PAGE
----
Registered with the Registrar of Newspapers for India under R.N.I 53640/91
Vol. XXX No. 20, February 16-28, 2021
Parking attender wearing reflective jacket assists car-parking in Pondy Bazaar.
Taking a step towards sustainable parking management in the city, the Greater Chennai Corporation launched the GCC Smart Parking app on January 1 this year. A Smart City project initiative, the app manages 9,200 functional parking spaces across the city. Its service is available for citizens between 8am and 11pm every day. Through the app, users can check the availability of parking spaces at desired locations real-time and also block a slot beforehand.
To use the GCC Smart Parking App, one has to ‘sign up’ as a ‘new user’ by providing basic details like mobile number, mail id, address, vehicle type and vehicle number. To book a parking slot, the user selects the ‘My bookings’ option where he/she chooses the desired location and the vehicle type (car or two-wheeler). A parking slot will then be allocated. On reaching the location, payment can be made with the help of the attender. “If a person is not comfortable with e-payment, he/she can give cash, and the attender will pay via digital mode to GCC,” clarifies the project head. On exceeding one hour, the app will automatically send a notification to the user’s mobile. The duration of the booking can be extended if needed.
The parking charges have been fixed at Rs. 5 per hour for two-wheelers and Rs. 20 per hour for four-wheelers, irrespective of peak hour activity. “The [parking] charges will remain the same irrespective of the increase in demand,” explains the project head in charge of the initiative. The Hindu has also reported that if users find no available slots in their desired area, the app will suggest parking slots available in inner streets – the user will have to park and walk to their destination. According to the app’s official website, users who cancel their booking will receive a full refund.
Apart from facilitating the pre-booking of parking spaces, the app also helps prevent parking violations and other suspicious activities. An AI (artificial intelligence) camera has been installed for every 15-20 parking slots. According to the official website, the camera-based system is enabled to scan license plates of vehicles. Officers can instantly locate violators if any and check for vehicle permits using their mobile enforcement devices, thus saving the time that is spent physically patrolling. To issue a ticket, officers can quickly auto-populate the information by marking the license plate with associated violations. Citations will be synced in real-time. Thus, city administrations can instantaneously access the citation information.
The app-based parking system has been implemented in many areas including Besant Nagar, Purasawalkam, Nungambakkam and Anna Nagar. Premium parking is available in Khader Nawaz Khan Road, carrying a charge of Rs. 40 per hour for cars. “Premium parking would be introduced in industrial and trade areas with more road traffic. Hence, there is a greater charge for parking,” explains the project head.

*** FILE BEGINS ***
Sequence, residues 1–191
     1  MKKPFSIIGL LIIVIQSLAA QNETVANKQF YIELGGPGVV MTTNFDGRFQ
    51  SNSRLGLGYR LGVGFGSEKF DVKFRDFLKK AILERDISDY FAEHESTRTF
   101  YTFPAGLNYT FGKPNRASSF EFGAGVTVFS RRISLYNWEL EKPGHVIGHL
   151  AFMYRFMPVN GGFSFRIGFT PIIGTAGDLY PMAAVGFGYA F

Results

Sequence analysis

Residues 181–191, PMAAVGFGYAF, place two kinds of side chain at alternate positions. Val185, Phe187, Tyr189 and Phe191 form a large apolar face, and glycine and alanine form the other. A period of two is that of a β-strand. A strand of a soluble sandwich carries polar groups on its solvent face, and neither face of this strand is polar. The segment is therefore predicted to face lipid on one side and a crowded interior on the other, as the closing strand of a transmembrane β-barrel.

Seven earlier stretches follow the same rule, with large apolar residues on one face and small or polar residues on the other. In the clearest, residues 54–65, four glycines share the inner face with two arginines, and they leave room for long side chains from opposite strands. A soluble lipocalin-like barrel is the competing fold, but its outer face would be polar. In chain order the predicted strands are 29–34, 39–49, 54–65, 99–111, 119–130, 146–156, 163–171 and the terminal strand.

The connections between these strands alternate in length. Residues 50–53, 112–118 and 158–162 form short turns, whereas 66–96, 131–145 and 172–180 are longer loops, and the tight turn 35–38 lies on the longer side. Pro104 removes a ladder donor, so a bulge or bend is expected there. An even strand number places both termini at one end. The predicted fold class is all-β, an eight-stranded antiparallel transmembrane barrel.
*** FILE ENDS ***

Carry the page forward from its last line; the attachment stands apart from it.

In T Nagar, on-street parking is to be complemented by a six-storeyed multi-level carpark facility at the junction of Theagaraya Road and Thanikachalam Road. The latter will be put to use soon, says the project head. It can house around 500 two-wheelers and 200 cars. Users would have to pay Rs. 40 per hour for cars, and Rs. 20 per hour for two-wheelers to park inside the multi-level complex.
Though the project has the potential to facilitate efficient parking, decongest roads and reduce traffic in the city, the app has not seen widespread adoption yet. “Only 11,000 people have installed the app currently, which is not even ten percent of the city’s population,” says the project head. While the GCC needs to take the necessary steps to improve awareness about the app, there is also scope to address some issues faced by the users. “The attender asked my phone number to send me the invoice for parking charges. I don’t want to share my number like this though. This is not really safe. Do we have to share our number every time we park, to the attender? If it is misused, then it will be a nightmare,” says a 41-year old resident of Alandur who visited Besant Nagar in the first week of January.
Responding to the privacy concern, the project head explains, “If you do not wish to share your personal phone number, then you are allowed to give someone else’s phone number. The phone number is needed just to send an invoice.” It may be worthwhile to consider offering hesitant users the alternative of a printed invoice, in such cases.
The project head reveals that the smart parking system generates Rs. 1 to Rs. 1.5 lakhs per day – for instance, it brought in Rs. 30 lakhs in the month of January alone. It is worth noting that the purpose of the paid-parking system is to encourage people to use public transport. Issuing on-street parking charges must go hand-in-hand with introducing more buses, local and metro trains; establishing new routes for better connectivity; and decreasing the ticket prices for public transport. In other words, one feels that the revenue generated from managed parking can be effectively channeled to improve public transport.
Speaking to the future of the app, the project head says, “Just like ordering food, or booking a taxi via an app, people must be empowered to book their parking slot on the city’s roads, instead of going on a random wild goose chase for an empty space. Usage of the app to achieve smart parking will be encouraged, but not forced.”
If this initiative is implemented effectively throughout the city, commuting will undoubtedly be smoother. Given that the system also aims to help scale down private transport, the city could benefit from lesser air pollution from vehicle emissions too, in the long run. One hopes that the new initiative helps Chennai become a greener, cleaner metropolis.